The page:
Mineralogical Evolution of Fayalite-Bearing Rapakivi Granites from the Prins Christians Sund Pluton, South Greenland

T. N. Harrison1, I. Parsons2 and P. E. Brown1, *
1 Department of Geology and Mineralogy, Aberdeen University, Aberdeen AB9 1AS, Scotland
2 Grant Institute of Geology, University of Edinburgh, West Mains Road, Edinburgh EH9 3JW, Scotland
*Now at: Dept. of Geology, The University, St. Andrews, Fife KY16 9ST, Scotland.

Abstract: The Prins Christians Sund rapakivi granite pluton in South Greenland is a member of the early Proterozoic ‘Rapakivi Suite’ and is emplaced into early Proterozoic Ketilidian migmatites. The pluton is composed predominantly of black or dark brown monzonites and quartz monzonites (collectively, rapakivi granites), although a localised white facies is developed adjacent to metasedimentary xenoliths. The back rapakivi granites are extremely fresh and have an anhydrous primary mafic mineralogy of olivine and orthopyroxene, with rare inverted pigeonite and clinopyroxene; minor amounts of biotite and amphibole occur in most fayalite-bearing rapakivi granites. Feldspars in these rocks are black and non-turbid. The white rapakivi granites have a wholly hydrous mafic silicate assemblage and turbid, white or cream-coloured feldspars. Electron microprobe analyses of the mafic silicates in the black rapakivi granites show that they are Fe-rich, comprising fayalite (Fa93−96.5), orthopyroxene (Fs77−81), ferro-pargasitic and ferro-edenitic hornblende (Fe/(Fe + Mg) = 0.72−0.93), and biotite (Fe/(Fe + Mg) = 0.77−0.88). Both biotite and amphibole crystallised subsolidus, and often adopt symplectic morphologies. Biotite has formed in response to a fayalite-consuming reaction at temperatures below 650–700°C and fO2, of 10−16.5 to 10−17.5 bars, and continued to grow under reducing conditions below the QFM buffer to temperatures below 450–500°C. Orthopyroxene formed in response to a low-pressure fayalite-consuming reaction in the melt. The correlation of black, pristine feldspar with anhydrous mafic silicates, and of turbid feldspar with hydrous phases suggests either that the feldspars reflect the anhydrous nature of the parent magma, or more likely that the mafic mineralogy of the white rapakivi granites is secondary.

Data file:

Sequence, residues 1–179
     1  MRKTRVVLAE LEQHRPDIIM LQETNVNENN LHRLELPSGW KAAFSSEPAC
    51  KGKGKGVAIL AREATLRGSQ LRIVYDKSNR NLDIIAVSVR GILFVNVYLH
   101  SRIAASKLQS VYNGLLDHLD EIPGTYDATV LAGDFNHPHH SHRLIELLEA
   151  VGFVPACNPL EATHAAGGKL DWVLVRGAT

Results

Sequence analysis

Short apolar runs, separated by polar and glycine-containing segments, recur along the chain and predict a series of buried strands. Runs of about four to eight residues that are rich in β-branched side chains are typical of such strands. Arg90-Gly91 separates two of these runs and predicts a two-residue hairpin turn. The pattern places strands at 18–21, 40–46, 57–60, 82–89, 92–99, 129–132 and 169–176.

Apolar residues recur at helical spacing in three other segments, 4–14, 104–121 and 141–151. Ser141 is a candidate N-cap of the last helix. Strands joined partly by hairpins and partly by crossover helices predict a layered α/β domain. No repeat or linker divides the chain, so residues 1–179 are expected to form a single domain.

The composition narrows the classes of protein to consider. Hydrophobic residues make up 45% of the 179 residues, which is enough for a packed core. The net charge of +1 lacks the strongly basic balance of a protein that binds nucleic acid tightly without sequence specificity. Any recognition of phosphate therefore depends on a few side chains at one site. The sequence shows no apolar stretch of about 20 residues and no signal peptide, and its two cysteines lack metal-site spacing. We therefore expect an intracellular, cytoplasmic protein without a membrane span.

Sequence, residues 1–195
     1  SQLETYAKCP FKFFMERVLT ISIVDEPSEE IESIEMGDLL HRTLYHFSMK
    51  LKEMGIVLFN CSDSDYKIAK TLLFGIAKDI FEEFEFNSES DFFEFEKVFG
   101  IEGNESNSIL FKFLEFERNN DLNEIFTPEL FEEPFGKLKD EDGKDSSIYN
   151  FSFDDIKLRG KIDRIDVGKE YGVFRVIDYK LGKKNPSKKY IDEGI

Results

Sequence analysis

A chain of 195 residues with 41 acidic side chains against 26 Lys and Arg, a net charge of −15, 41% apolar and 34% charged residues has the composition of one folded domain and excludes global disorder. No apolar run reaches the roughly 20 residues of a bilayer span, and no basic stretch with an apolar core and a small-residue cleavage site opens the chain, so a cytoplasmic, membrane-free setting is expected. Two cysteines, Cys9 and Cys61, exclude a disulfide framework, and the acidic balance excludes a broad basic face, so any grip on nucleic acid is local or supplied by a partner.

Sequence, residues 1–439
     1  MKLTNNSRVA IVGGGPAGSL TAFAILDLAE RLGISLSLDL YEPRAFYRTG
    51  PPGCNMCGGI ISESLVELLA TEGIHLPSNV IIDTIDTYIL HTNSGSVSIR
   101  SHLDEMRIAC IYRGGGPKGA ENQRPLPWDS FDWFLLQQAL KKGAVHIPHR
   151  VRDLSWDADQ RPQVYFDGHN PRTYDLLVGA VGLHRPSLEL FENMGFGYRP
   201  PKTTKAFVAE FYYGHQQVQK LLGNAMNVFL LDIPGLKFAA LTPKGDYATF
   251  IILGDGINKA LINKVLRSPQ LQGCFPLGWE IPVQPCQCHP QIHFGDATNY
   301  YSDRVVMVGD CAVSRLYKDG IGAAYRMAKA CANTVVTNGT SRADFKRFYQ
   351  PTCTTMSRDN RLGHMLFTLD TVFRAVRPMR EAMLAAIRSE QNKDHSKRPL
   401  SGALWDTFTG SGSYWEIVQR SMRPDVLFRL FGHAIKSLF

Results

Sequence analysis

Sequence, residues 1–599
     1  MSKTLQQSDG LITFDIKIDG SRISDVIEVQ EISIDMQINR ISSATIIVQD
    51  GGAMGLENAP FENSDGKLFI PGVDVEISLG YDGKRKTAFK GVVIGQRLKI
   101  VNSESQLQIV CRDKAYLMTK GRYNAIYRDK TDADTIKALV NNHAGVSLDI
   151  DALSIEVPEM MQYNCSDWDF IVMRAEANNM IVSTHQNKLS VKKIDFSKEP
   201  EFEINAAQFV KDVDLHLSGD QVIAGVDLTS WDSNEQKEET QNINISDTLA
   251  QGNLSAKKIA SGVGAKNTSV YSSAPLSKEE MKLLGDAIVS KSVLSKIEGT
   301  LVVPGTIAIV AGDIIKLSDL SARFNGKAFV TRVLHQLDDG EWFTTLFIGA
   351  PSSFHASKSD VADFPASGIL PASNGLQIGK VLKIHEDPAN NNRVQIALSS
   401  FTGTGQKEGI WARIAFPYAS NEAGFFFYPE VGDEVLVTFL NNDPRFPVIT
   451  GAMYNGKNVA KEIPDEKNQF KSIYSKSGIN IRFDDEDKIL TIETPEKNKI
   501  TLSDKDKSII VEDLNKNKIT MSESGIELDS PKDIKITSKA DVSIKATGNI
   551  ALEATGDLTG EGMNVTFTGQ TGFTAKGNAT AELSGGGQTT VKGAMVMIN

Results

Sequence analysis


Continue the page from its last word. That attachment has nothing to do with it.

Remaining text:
Keywords: Rapakivi granite • South Greenland • fayalite • subsolidus biotite

Mineralogical Magazine; March 1990 v. 54; no. 374; p. 57-66; DOI: 10.1180/minmag.1990.054.374.05
© 1990, The Mineralogical Society
Mineralogical Society (www.minersoc.org)